Having spent several years building partnerships to ensure its data won't lead any drivers astray, Apple has more recently been able to focus on integrating data that's less important, but still quite useful. A few months ago we saw the company team up with Parkopedia to improve parking data, and now charging stations are a natural next step.


Apple and the State of Its AI Research

Dave Gershgorn, writing for Quartz, published the details of an invitation-only lunch at the NIPS 2016 conference, where Apple's newly appointed director of AI research, Russ Salakhutdinov, elaborated on the state of AI and machine learning at Apple.

There are lots of interesting tidbits on what Apple is doing, but this part about image processing and GPUs caught my attention:

A bragging point for Apple was the efficiency of its algorithms on graphics processing units, or GPUs, the hardware commonly used in servers to speed processing in deep learning. One slide claimed that Apple’s image recognition algorithm could process twice as many photos per second as Google’s (pdf), or 3,000 images per second versus Google’s 1,500 per second, using roughly one third of the GPUs. The comparison was made against algorithms running on Amazon Web Services, a standard in cloud computing.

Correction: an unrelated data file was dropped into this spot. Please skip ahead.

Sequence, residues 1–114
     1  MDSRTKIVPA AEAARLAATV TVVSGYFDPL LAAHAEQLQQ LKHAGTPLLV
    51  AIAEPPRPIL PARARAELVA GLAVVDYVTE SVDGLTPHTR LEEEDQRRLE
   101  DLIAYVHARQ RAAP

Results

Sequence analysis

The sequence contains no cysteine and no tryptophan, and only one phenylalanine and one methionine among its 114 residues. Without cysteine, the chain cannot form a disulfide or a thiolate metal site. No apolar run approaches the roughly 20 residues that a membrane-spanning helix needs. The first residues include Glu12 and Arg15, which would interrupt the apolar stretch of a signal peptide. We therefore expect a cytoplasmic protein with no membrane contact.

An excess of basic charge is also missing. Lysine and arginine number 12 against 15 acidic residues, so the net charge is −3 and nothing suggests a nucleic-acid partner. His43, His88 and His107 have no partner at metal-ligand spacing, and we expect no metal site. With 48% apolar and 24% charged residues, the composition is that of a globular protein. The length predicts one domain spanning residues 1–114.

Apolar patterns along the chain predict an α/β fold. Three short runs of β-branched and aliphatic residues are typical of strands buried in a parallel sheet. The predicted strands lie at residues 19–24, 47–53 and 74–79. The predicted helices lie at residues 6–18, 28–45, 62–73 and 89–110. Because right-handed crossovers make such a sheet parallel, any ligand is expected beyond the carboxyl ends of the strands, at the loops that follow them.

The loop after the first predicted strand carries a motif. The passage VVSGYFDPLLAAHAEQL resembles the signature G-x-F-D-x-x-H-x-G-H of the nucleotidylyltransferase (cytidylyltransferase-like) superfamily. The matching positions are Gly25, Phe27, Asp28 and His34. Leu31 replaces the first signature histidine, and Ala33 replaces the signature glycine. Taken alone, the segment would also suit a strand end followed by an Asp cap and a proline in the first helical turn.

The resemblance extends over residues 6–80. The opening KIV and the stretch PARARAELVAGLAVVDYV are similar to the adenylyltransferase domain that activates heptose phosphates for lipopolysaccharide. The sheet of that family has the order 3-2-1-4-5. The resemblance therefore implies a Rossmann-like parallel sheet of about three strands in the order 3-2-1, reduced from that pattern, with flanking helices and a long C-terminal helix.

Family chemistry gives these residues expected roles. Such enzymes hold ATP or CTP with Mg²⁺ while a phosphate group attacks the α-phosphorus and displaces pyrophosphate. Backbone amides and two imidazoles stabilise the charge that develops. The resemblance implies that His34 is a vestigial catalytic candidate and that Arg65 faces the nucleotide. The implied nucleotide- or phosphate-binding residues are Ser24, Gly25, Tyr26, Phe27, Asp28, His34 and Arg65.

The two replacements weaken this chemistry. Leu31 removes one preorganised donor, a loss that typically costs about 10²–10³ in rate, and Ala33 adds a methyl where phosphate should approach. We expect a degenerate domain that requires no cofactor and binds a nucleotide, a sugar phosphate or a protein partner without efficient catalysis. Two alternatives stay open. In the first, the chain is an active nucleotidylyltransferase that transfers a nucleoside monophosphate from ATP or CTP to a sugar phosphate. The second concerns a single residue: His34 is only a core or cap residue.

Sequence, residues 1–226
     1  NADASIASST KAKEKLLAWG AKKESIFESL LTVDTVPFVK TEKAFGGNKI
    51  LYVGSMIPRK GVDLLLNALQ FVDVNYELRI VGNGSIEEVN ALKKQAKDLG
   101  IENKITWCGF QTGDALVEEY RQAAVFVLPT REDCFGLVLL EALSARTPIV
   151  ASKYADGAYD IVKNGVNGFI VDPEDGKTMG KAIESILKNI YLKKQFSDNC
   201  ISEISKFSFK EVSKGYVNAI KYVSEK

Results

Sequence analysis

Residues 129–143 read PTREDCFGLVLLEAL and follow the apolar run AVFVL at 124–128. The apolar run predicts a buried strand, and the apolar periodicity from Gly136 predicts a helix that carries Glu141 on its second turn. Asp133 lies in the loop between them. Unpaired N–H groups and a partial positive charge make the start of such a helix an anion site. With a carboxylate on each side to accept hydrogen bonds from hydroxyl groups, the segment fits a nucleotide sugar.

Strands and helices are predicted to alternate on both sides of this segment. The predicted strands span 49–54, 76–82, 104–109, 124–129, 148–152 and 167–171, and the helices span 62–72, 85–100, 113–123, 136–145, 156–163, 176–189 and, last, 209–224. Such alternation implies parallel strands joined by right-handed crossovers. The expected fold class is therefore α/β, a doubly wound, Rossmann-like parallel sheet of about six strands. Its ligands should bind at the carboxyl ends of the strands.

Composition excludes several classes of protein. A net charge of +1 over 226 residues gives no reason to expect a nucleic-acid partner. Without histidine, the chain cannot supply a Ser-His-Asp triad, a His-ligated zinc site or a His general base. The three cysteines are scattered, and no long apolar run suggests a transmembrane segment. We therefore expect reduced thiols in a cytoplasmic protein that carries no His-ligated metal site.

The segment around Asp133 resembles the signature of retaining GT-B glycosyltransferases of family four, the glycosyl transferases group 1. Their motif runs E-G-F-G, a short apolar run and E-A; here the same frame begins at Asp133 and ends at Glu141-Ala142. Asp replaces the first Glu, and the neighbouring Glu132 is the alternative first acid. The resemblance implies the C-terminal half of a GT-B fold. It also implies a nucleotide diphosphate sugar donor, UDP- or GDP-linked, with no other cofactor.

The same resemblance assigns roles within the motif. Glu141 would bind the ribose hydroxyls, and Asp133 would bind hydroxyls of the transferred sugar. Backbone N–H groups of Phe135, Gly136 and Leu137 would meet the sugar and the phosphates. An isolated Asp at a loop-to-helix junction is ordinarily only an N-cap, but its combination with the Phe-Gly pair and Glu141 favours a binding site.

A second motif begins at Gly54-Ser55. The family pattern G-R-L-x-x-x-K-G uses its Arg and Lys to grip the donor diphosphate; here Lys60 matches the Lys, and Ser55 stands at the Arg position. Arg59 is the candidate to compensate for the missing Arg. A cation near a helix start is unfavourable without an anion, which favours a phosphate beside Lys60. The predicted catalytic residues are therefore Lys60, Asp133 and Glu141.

While other companies are beginning to rely on specialty chips to speed their AI efforts, like Google’s Tensor Processing Unit and Microsoft’s FPGAs, it’s interesting to note that Apple is relying on standard GPUs. It’s not known, however, whether the company builds its own, custom GPUs to match its custom consumer hardware, or buys from a larger manufacturer like Nvidia, which sells to so many internet companies it has been described as “selling shovels to the machine learning gold rush.